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Nets rookie Cam Thomas' role may expand with Joe Harris' extended absence

Cam Thomas of the Brooklyn Nets puts up

Cam Thomas of the Brooklyn Nets puts up a shot over Ricky Rubio of the Cleveland Cavaliers during the first half on November 22, 2021 in Cleveland, Ohio. Credit: Getty Images/Ron Schwane

Nets fans have been clamoring on social media to see more of rookie Cam Thomas ever since the 27th overall pick out of LSU led the Las Vegas Summer League in scoring. While coach Steve Nash resisted the urge to throw Thomas into the fire early on, his role has increased recently because of injuries.

On Monday, the Nets announced Joe Harris underwent arthroscopic surgery to remove a bone chip from his sprained left ankle. They offered no timeline for his return, but Harris’ agent, Marc Bartelstein, told ESPN his client will miss four to eight weeks.

While Patty Mills has stepped into Harris’ starting role and leads the NBA with 50.0% three-point shooting ahead of Harris’ 46.6% mark, the time is ripe for Thomas to provide bench scoring with increased playing time. "I’m going to be ready to go in and try to make an impact as best I can," Thomas said after practice on Monday.

His next opportunity was against the Knicks Tuesday night at Barclays Center. Thomas scored in double figures in recent wins at Cleveland and Boston but had only three points in a 12-minute stint in Saturday’s loss to the streaking Suns. If there is a glaring hole in his game, it’s his 2-for-19 three-point shooting, but the two threes he hit at Cleveland helped spur a comeback and his shooting from deep is bound to improve with more exposure.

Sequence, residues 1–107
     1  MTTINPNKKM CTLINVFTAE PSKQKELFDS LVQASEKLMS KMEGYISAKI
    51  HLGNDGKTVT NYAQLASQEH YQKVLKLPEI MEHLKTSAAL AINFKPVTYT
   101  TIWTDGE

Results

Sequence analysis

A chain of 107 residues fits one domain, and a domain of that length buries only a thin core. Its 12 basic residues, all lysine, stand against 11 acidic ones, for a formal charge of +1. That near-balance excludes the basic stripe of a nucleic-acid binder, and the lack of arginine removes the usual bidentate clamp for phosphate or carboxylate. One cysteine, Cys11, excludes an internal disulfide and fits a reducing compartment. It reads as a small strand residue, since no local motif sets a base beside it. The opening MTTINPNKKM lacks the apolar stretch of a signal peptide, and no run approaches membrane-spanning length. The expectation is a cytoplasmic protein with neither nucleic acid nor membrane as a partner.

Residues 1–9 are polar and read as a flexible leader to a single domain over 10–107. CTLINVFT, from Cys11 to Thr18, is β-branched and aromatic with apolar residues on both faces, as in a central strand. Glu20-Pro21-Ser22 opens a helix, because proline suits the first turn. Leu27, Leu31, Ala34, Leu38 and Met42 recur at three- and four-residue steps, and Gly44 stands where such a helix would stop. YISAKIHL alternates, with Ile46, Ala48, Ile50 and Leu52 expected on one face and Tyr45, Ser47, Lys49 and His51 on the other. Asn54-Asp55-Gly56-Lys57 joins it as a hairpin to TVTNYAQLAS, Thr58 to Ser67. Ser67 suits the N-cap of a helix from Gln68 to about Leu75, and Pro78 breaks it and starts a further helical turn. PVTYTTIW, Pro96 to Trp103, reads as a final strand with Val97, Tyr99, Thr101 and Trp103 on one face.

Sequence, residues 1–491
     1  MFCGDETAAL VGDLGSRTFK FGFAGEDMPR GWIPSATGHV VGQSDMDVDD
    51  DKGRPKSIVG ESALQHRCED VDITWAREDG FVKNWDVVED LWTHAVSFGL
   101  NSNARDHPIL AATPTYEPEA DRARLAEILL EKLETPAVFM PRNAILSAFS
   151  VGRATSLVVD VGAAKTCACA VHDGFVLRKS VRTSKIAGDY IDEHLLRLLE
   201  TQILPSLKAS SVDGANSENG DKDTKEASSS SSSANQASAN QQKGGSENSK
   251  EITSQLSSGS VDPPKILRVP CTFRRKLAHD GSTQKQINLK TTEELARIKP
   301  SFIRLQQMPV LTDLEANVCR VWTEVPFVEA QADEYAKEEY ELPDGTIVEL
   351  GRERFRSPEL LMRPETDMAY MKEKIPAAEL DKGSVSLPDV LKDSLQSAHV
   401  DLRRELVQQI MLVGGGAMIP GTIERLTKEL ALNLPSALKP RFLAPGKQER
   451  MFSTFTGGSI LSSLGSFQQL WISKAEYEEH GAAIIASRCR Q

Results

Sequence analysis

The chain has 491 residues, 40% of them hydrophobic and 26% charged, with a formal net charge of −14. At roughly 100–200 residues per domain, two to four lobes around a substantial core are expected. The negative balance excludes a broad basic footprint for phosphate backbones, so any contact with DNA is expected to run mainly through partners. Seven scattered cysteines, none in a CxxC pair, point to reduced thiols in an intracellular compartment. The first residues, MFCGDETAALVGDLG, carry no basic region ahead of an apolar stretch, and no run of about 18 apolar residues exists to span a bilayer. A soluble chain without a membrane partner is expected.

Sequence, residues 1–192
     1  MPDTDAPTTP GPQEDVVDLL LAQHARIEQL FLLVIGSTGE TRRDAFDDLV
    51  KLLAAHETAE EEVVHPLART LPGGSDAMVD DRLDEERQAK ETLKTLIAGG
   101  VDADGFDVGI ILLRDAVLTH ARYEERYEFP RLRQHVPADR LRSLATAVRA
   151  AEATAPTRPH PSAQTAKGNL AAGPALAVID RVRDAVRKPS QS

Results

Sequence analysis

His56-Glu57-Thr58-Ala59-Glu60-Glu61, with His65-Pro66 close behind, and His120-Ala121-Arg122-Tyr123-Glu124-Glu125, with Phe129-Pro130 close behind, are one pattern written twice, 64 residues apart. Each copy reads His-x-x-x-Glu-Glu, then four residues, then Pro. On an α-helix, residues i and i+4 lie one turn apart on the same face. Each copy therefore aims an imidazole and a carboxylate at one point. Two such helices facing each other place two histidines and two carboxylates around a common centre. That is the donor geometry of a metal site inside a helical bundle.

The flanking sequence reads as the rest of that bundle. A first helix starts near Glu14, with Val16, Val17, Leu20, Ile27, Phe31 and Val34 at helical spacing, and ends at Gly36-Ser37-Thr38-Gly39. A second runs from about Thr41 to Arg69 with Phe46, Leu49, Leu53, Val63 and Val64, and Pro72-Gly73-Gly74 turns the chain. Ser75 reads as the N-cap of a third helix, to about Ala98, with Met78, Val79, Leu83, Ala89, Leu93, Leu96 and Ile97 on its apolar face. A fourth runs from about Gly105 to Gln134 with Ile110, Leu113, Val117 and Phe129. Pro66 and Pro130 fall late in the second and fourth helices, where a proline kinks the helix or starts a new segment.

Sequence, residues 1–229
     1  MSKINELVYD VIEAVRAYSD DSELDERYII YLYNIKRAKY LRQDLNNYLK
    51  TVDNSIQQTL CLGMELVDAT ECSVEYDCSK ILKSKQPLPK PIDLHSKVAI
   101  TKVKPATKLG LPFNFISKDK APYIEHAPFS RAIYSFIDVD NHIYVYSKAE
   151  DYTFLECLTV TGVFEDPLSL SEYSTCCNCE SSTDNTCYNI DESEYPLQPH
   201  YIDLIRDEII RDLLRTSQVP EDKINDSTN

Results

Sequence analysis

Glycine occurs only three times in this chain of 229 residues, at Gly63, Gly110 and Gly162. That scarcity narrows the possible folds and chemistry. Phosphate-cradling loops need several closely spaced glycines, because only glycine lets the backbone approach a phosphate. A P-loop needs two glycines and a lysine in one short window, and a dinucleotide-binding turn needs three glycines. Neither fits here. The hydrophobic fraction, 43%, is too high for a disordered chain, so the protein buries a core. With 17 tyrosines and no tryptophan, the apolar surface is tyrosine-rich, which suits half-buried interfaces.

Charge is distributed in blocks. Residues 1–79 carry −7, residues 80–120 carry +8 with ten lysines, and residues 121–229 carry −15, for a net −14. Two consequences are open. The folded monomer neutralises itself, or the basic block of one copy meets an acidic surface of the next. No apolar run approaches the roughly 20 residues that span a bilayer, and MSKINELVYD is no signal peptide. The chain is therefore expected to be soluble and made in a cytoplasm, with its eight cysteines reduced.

"I’m getting comfortable," Thomas said of his increased playing time. "First, it went from playing like two minutes to being in a meaningful game, getting real minutes. I feel like I’m very comfortable out there, just knowing different schemes, knowing where to be on offense. I’m getting way more comfortable as I get into the rotation more."

Thomas understands the difficulty of filling some of the scoring void left by Harris. "Of course, we’re going to miss him, but it’s next man up," Thomas said. "If that’s me, I’ve got to be in the rotation and knock down those shots he usually makes and bring what I can to help the team elevate and have us in a good stretch."

Thomas did that in Cleveland, and Kevin Durant and James Harden credited him for taking advantage of all the open space he had when the Cavaliers were sending multiple defenders to them. As the leading freshman scorer in the NCAA in his one season at LSU, Thomas was used to being the focal point of the defense, so playing alongside Durant and Harden is a welcome change.

"It’s great," Thomas said. "To have the defense not keying on me — so they’re going to be keying on those guys. It just opens up for me the catch-and-shoot threes, closeouts, easier one-on-ones. It’s been great playing with those guys out there and I’ve really been enjoying it."

In particular, Thomas and Durant have developed a strong working relationship. Following practice on Monday, they were two of the last players on the court working together.

Asked about the guidance he has received from Durant, Thomas said, "It’s big. One of the greatest, just to have a relationship with him and just have that ability to talk to him, trash-talk him and have that mutual respect. He knows that I’m a good player, and I know that he’s a great player. Having that mutual respect is big. Most rookies don’t have that. Just for me to have that relationship with him, it’s big-time."

Durant and Thomas have had fun kidding each other about their one-on-one games with each insisting they are winning. "Whenever you want to play, I’m there," Thomas said.

The Nets just hope that camaraderie and combativeness carry over to games.

New York Sports